||Wright-Patterson AFB, OH 454337817
The never-ending pursuit of higher speeds, increased durability, and structural and functional efficiency under extreme conditions has pushed the current generation of propulsion and hypersonic designs to the limits of existing material systems. With metal superalloys facing reduced roles in either engine hot sections or high-speed vehicle structures, ceramic matrix composites (CMCs) and ultrahigh temperature ceramics (UHTCs) are gaining position as the next revolutionary enablers in aerospace platform performance. Since the emergence of these technologies, work in our laboratory has focused on understanding the relationships between ceramic matrix constituent development, integration, and overall component properties, while simultaneously investigating environmental effects across various length scales. This research, in particular, targets three areas in composite development.
The first is understanding and control of the molecular morphology and composition of pre-ceramic polymers- polycarbosilanes or policarbosilazanes for SiC and Si3N4 ceramics, for example, as precursors for ceramic composite constituents (fibers, matrices, and interfaces), with focus on both established and novel polymers. New chemistries and molecular structures are of interest for improved thermal and environmental durability (targeting precursors for UHTC-grade refractory metal carbides and borides), while post-synthetic modifications of existing systems (rheology, cure mechanisms and kinetics) lead to enhanced processing methods and more efficient manufacturing.
The second goal is an explanation of the property evolution of existing polymeric precursors throughout the entire thermal processing cycle. From molecular morphology, composition and weight distribution changes during low-temperature manipulations, through important mechanisms and reactive group behavior during radiative or chemical crosslinking, and finally microstructural evolution during pyrolysis and crystallization at high temperatures, knowledge of this property map allows tangible control over the performance of the ceramic product.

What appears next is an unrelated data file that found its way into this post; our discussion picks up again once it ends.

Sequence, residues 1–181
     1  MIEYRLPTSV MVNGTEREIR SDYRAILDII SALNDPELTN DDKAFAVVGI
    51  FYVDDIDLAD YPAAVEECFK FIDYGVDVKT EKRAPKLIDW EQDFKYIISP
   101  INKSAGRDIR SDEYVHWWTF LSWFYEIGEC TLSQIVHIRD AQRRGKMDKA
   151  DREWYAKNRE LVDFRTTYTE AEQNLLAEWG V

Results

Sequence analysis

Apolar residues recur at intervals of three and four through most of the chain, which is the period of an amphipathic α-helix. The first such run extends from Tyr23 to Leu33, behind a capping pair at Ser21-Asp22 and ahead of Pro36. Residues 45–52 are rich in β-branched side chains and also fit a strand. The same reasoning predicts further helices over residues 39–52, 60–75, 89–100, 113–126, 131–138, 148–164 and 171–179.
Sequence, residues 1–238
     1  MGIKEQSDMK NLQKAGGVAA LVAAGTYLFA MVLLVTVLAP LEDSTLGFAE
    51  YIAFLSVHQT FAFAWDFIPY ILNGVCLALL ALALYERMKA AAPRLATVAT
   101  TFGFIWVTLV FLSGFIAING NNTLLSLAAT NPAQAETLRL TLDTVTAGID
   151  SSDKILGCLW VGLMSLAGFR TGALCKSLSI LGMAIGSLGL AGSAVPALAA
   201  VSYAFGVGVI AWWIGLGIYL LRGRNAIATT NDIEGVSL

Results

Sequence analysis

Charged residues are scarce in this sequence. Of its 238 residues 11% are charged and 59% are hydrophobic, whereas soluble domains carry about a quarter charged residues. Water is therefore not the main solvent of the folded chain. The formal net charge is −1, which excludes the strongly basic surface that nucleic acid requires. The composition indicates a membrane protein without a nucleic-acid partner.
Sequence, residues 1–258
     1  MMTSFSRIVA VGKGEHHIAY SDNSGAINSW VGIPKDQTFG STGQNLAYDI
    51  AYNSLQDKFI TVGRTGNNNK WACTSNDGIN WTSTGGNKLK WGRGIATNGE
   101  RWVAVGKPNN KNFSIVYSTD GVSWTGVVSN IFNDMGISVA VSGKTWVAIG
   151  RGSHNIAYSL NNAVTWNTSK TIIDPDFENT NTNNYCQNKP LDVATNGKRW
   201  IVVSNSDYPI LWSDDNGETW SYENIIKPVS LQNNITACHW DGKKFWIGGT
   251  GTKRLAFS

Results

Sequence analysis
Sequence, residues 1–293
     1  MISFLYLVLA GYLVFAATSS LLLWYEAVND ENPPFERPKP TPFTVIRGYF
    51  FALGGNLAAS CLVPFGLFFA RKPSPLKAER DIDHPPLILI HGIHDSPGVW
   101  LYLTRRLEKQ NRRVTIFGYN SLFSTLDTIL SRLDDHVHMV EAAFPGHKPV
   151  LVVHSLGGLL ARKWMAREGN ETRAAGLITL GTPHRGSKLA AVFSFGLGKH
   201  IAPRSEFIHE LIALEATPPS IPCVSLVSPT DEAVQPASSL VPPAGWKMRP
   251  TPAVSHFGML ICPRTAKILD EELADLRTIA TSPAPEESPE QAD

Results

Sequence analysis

The third objective centers on imparting functionality on ceramic composites. Generally having a purely structural role, the extreme nature of their processing and environmental exposure (>1400°C) creates a lot of challenges toward the addition of functional elements typically found in lower-temperature material systems. Health monitoring and structural state awareness, both in- and ex-situ, are two areas in particular demand. Our studies focus on integrating a sensing network in the form of a refractory metal sub-structure within the composite, in order to add a complementary functional set of properties to those of the native ceramic. Phenomena of interest include retention of metallic properties during co-processing, chemical and structural evolution of reactive zone, integration effect on composite thermomechanical properties, and performance characterization of the integrated metallic sub-system.
Research in either of the three areas involves collaborating with a multidisciplinary team of scientists and engineers, and is be best accommodated by a strong materials or
ceramic composites; pre-ceramic polymers; structural ceramics; ceramics processing;
refractory materials; polymer synthesis; polymer chemistry; process modelling; polymer processing